Claire Jim and Shee Yu
HONG KONG (Reuters) – China Evergrande Group aims to clarify some debt restructuring terms before the next Liquidation Court hearing on March 20 to seek another postponement. Two sources familiar with the matter told Reuters.
The world’s most indebted property developer is about to reach an agreement with a major offshore bondholder on terms that would include exchanging some of its debt for equity, sources say. person said.
Evergrand, with more than $300 billion in debt, $22.7 billion of which is offshore debt, launched one of China’s largest debt restructuring processes early last year, but details are still pending with creditors. not reached.
Evergrande, once China’s best-selling developer, is at the center of a real estate debt crisis, with multiple developers defaulting on offshore debt over the past few years, forcing many to enter debt restructuring negotiations. it was done.
Evergrande plans to appear in Hong Kong court on March 20 to hear liquidation petitions filed by creditors.
At the hearing last November, the judge told Evergrande that it had made “tangible” progress in the debt review process and would provide a progress report by 14 days before the next hearing, or around March 6. I ordered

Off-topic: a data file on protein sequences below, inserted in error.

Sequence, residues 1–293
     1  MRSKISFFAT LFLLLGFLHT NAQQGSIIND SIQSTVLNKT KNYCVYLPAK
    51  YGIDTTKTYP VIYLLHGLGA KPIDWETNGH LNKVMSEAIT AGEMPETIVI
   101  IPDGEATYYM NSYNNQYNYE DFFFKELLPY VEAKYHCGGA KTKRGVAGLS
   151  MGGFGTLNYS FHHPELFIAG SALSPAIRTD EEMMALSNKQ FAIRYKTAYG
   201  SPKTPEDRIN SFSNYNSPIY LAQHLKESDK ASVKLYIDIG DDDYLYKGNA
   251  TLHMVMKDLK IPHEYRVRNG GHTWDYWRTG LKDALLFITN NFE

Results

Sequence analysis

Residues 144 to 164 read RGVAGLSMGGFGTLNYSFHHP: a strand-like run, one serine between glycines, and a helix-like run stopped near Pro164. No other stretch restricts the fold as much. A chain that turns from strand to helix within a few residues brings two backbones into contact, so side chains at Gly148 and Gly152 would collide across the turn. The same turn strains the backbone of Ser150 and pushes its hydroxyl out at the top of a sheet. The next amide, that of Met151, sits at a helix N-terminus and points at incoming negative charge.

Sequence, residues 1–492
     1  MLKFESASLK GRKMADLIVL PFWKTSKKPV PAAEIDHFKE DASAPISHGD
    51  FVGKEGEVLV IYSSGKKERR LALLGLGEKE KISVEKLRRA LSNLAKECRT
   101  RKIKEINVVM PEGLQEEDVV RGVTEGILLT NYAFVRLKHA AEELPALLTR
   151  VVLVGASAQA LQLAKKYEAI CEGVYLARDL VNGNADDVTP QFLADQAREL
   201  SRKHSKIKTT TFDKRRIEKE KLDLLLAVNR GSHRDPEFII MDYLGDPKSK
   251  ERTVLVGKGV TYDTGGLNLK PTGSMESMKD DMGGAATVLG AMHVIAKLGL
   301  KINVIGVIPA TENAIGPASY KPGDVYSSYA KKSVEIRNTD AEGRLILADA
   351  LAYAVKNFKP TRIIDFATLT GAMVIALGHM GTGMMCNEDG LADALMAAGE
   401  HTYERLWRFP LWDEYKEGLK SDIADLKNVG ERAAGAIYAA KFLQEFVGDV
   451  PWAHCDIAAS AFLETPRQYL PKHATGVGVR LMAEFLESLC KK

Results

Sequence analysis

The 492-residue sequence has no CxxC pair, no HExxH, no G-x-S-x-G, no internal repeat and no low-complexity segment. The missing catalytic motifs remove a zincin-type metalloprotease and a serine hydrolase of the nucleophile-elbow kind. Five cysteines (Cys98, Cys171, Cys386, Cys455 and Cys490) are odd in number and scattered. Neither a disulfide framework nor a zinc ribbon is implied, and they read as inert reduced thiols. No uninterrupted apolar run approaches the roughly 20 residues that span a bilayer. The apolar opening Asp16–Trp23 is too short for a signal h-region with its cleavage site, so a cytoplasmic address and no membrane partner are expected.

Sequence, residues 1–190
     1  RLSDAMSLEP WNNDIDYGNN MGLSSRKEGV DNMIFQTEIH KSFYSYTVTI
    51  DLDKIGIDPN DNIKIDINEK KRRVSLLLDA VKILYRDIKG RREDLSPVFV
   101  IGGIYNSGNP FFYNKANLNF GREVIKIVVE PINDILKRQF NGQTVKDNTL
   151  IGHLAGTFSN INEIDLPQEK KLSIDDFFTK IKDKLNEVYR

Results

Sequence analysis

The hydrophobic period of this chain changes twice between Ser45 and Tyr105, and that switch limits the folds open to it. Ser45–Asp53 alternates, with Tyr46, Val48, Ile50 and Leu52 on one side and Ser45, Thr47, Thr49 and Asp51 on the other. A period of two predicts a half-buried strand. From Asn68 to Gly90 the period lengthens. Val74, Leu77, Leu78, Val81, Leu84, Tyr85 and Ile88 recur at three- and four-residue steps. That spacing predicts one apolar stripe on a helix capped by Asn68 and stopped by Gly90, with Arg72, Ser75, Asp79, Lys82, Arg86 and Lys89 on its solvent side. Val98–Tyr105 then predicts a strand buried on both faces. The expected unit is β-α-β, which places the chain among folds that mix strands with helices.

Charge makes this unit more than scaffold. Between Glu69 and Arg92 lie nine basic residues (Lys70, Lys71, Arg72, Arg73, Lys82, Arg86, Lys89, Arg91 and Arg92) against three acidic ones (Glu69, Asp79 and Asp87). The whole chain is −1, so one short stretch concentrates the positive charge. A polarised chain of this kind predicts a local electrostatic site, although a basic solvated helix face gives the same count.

The developer told the court at the time that it aims to obtain creditor approval for the proposed debt restructuring by the end of February at the earliest.
Negotiations with bondholders are still ongoing, according to four sources. Recent discussions have focused on the price and ratio of swapping some of Evergrande’s Hong Kong listed units’ debt to equity, three sources said.
The developer’s two Hong Kong-listed units are Evergrande Property Services Group and Evergrande New Energy Vehicle Group.
Because the restructuring discussions are private, we were unable to identify the source of the information.
Evergrande declined to comment.
A debt-to-equity swap plan was proposed by Evergrande as a core part of its restructuring plan, but bondholders are seeking better terms, three sources said.
One of them said Evergrande had made “some compromises” but there was still a mismatch in expectations. The bondholders are also pressuring Evergrande chairman Hui Ka Yang to spend more of his own money to pay off his debts, the person added.
In July, the developer said it would offer offshore creditors an asset package that could include shares in two overseas-listed units, after which it was said it was considering onshore assets as a sweetener for its restructuring plans. .
The developer first met face-to-face with Hong Kong offshore bondholders in January after beginning formal negotiations on restructuring terms at a virtual meeting in December, sources told Reuters.
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